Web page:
Consider a few other important points about ordering total T—time and reproducibility. Total T has diurnal variation, especially in younger men, with the highest readings tending to occur in the morning, around 8 AM.

As it is easier to see a difference between normal and subnormal when normal is maximal, an 8 AM test is recommended. If the result is borderline low, the test should be repeated before making a definitive diagnosis of androgen deficiency.

Published: October 31, 2016

References

  • 1. Feldman HA, Longcope C, Derby CA, et al. Age trends in the level of serum testosterone and other hormones in middle-aged men: longitudinal results from the Massachusetts Male Aging Study. J Clin Endocrinol Metab. 2002;87:589-598.
  • 2. Wu FC, Tajar A, Pye SR, et al. Hypothalamic-pituitary-testicular axis disruptions in older men are differentially linked to age and modifiable risk factors: the European Male Aging Study. J Clin Endocrinol Metab. 2008;93:2737-2745.
  • 3. Harman SM, Metter EJ, Tobin JD, et al; Baltimore Longitudinal Study of Aging. Longitudinal effects of aging on serum total and free testosterone levels in healthy men. Baltimore Longitudinal Study of Aging. J Clin Endocrinol Metab. 2001;86:724-731.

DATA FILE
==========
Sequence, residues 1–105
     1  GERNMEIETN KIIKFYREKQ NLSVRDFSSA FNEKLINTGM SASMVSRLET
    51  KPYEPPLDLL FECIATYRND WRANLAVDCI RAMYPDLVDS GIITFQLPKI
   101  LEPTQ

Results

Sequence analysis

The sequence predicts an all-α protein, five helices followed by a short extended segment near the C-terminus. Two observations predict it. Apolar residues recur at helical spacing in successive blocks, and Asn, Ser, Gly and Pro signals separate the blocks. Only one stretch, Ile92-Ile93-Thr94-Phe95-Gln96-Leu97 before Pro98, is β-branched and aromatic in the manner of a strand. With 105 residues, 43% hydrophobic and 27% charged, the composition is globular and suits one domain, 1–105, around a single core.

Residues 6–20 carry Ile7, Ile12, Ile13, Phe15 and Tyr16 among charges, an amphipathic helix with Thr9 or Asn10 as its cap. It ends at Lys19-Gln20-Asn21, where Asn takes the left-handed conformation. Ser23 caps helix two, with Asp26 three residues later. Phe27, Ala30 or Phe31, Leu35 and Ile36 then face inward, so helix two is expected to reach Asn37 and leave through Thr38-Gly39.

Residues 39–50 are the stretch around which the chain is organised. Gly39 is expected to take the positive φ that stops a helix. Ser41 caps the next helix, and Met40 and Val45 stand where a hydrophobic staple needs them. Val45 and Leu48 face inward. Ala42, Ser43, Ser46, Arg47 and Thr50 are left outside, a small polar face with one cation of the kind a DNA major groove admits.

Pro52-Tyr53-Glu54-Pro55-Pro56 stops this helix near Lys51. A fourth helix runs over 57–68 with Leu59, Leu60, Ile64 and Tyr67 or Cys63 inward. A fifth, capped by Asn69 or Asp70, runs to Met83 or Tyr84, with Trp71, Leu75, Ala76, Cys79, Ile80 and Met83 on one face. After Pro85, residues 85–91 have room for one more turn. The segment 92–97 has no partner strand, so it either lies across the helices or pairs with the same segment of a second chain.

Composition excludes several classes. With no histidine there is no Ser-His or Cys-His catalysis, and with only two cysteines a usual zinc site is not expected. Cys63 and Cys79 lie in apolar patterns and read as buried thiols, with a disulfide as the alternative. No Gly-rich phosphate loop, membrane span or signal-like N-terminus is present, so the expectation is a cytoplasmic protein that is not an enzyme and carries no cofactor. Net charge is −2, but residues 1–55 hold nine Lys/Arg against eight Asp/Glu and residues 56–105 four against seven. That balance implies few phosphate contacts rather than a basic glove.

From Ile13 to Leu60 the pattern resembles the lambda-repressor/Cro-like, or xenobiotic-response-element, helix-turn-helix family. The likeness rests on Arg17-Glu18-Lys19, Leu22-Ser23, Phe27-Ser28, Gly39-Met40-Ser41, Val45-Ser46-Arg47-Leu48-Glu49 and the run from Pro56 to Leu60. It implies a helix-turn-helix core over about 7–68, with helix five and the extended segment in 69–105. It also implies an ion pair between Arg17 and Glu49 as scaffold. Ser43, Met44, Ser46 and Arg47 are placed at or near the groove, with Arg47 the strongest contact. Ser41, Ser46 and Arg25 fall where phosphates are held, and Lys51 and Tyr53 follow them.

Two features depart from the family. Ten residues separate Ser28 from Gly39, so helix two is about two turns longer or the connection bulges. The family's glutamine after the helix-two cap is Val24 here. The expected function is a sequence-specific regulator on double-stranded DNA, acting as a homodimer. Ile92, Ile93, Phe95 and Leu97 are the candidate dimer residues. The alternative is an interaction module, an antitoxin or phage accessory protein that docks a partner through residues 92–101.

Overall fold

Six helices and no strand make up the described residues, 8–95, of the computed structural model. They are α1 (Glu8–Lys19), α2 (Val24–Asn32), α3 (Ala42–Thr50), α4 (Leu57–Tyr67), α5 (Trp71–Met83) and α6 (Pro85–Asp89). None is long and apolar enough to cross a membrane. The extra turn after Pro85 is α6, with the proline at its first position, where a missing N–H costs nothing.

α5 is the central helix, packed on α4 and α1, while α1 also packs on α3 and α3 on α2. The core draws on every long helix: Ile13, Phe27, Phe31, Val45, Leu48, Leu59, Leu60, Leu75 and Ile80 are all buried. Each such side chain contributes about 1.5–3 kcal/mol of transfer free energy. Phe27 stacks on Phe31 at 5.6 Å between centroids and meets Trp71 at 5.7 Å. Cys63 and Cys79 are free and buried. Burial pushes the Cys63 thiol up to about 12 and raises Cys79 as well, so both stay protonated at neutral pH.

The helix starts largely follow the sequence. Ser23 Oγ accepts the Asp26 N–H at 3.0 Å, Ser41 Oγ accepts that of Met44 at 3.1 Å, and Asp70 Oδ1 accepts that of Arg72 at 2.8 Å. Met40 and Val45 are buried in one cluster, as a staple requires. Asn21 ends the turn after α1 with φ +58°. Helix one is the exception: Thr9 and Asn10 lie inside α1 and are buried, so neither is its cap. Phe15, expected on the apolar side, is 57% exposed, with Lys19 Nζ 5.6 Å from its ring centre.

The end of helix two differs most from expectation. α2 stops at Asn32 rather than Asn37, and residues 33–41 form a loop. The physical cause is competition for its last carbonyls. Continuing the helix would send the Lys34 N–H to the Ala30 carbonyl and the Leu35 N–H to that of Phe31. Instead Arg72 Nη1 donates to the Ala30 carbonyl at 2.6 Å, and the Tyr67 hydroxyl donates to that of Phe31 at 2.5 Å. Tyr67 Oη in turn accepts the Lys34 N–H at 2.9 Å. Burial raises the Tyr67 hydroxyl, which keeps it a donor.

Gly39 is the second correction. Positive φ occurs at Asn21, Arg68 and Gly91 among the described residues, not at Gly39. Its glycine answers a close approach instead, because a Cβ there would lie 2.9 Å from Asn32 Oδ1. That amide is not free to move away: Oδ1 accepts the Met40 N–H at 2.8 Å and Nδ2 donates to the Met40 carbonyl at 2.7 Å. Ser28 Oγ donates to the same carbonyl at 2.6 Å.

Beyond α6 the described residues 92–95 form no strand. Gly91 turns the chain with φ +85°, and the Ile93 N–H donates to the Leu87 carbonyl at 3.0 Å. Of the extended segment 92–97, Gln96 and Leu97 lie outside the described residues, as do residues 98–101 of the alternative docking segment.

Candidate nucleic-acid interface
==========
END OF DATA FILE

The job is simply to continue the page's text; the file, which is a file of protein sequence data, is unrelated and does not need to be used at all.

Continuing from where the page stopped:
• 4. Ly LP, Sartorius G, Hull L, et al. Accuracy of calculated free testosterone formulae in men. Clin Endocrinol (Oxf). 2010;73:382-388.
  • 5. Anawalt BD, Hotaling JM, Walsh TJ, et al. Performance of total testosterone measurement to predict free testosterone for the biochemical evaluation of male hypogonadism. J Urol. 2012;187:1369-1373.
  • 6. Bremner WJ, Vitiello MV, Prinz PN. Loss of circadian rhythmicity in blood testosterone levels with aging in normal men. J Clin Endocrinol Metab. 1983;56:1278-1281.